Northern Prairie Wildlife Research Center
Piping Plovers and Least Terns of
the Great Plains and Nearby
A draft protocol for assessing piping plover reproductive success
on Great Plains alkali lakes
- breeding (or nesting) density:
- number of breeding pairs per unit area (usually, per km²); may be based
on total wetland area or on arbitrary breeding site boundaries such as section
or quarter-section lines that might encompass some upland habitat.
- breeding pair:
- two adult piping plovers that exhibit bonding through sexual behavior, defend
a breeding territory for >2 wk against other adult plovers, and have a
scrape that is at least one third lined with tiny pebbles. A lone adult plover
on a nest or with chicks also is considered a breeding pair, whereas an otherwise
lone, territorial adult, such as a male doing courtship flights, is not. During
an annual population census or similar count, what appear to be breeding pairs
may be labeled simply as "pairs" in lieu of more specific evidence.
- breeding site:
- usually an individual alkali lake, but sometimes a complex of lakes and
ponds in close proximity (<1 km apart) or a discrete part of a large (>5
km²) lake, where plover breeding has been recorded. The site is usually
identified in state, provincial, and other databases by a consistently used
name (e.g., Big Quill Lake, Lake Williams).
- breeding territory:
- area defended by a breeding pair of plovers, size highly variable, e.g.,
average 27,000-31,000 m² at Big Quill Lake, Saskatchewan (Whyte 1985),
to 500 m² at relatively high local densities at Williams Preserve in
central North Dakota (B. Root, unpubl data); changes through breeding season.
- chick success:
- proportion of hatched eggs that produce fledglings (if Mayfield chick success,
either each chick or each brood of chicks is the sampling unit interest; see
I, Reporting measures of reproductive success).
- egg success:
- proportion of eggs that hatch.
- exposure days:
- time (days) that a clutch of eggs under observation is vulnerable to loss
(e.g., from predation or weather).
- fledgling or fledged chicks:
- technically, juvenile plovers capable of sustained (>15 m) flight, which
on alkali lakes first occurs at 21-28 days (Pridiville Gaines and Ryan 1988).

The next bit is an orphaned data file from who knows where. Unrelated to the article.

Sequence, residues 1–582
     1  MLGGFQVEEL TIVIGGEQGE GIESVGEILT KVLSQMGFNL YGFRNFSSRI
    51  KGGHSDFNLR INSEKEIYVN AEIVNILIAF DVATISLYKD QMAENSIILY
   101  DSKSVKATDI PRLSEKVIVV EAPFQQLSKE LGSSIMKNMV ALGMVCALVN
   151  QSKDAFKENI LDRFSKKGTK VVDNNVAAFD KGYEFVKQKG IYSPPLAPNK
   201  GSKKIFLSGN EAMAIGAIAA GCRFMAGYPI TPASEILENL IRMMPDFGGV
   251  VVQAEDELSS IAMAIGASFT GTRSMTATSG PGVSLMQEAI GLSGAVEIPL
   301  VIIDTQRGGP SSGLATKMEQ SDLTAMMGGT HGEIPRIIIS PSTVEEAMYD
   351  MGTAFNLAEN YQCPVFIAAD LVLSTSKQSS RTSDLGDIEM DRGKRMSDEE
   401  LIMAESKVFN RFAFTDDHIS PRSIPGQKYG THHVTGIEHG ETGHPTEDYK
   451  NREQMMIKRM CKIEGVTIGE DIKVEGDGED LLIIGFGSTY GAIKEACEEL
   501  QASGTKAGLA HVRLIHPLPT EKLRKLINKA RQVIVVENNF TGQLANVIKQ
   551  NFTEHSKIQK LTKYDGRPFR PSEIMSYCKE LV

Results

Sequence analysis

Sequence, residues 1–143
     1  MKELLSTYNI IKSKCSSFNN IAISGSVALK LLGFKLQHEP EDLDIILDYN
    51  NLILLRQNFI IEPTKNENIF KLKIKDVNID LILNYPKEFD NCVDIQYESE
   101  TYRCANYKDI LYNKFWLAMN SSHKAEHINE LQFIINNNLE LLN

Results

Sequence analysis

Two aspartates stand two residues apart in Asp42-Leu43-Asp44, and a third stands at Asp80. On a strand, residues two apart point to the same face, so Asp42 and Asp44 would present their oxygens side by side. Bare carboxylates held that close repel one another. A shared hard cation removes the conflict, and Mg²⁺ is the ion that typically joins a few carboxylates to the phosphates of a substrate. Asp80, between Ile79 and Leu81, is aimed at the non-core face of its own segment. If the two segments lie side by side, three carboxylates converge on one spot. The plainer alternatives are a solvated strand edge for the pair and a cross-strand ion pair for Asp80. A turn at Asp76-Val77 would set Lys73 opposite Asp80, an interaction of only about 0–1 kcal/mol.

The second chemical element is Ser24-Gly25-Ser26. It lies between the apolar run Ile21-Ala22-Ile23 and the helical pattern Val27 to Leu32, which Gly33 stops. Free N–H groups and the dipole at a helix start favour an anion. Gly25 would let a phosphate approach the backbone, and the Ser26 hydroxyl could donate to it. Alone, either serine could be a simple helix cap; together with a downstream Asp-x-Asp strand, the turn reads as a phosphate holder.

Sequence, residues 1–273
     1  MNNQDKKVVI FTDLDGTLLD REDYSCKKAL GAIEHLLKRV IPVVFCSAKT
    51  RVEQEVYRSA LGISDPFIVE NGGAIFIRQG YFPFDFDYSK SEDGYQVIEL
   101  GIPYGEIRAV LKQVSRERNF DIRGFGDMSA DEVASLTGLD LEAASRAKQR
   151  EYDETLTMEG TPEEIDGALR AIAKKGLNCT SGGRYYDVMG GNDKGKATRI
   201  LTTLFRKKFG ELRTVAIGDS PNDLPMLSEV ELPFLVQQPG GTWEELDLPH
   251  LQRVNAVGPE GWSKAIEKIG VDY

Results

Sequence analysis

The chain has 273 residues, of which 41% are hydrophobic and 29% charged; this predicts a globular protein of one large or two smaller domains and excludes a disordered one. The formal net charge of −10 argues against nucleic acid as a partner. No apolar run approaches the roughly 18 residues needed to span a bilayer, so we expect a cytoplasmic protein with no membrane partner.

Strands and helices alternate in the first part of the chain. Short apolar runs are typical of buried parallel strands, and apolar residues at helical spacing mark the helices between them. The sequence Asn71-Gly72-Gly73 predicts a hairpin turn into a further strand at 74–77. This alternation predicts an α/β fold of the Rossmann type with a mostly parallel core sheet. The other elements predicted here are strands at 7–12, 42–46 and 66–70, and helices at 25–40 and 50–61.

To minimize methodological biases when assessing reproductive success (see
D, Nesting chronology: initiation, hatching, and fledging dates), defined
here as juveniles 18-20 days old.
- fledging rate:
- estimate of the mean number of flighted juveniles produced per breeding
pair, based on total numbers of breeding pairs and 18- to 20-day-old chicks
- nest or nesting attempt:
- a scrape that has ≥1 egg.
- nest success:
- proportion of nests that result in ≥1 hatched egg.
- nonterritorial adult(s):
- adult plovers that exhibit little or no territorial defense or evidence
of pairbonding and that vocalize infrequently, such as at feeding sites such
as spring seeps on alkali lakes.
- pair success:
- proportion of breeding pairs that successfully hatch eggs (Smith et al.
1993) or fledge young (must specify), regardless of number of attempts.
- reproductive success (or productivity):
- general term for measures of fecundity; in birds, refers either to the quantity
of (1) eggs, (2) nests with hatched eggs, (3) chicks, or (4) fledged young,
whether based on total numbers of pairs, females, breeding-age adults, or
successfully breeding birds. For piping plovers, fledging rate based on total
breeding pairs is the most important and least biased measure of reproductive
- depression dug mostly by male as part of courtship display. Several scrapes
may be made within a breeding territory, but only one is selected for a nest
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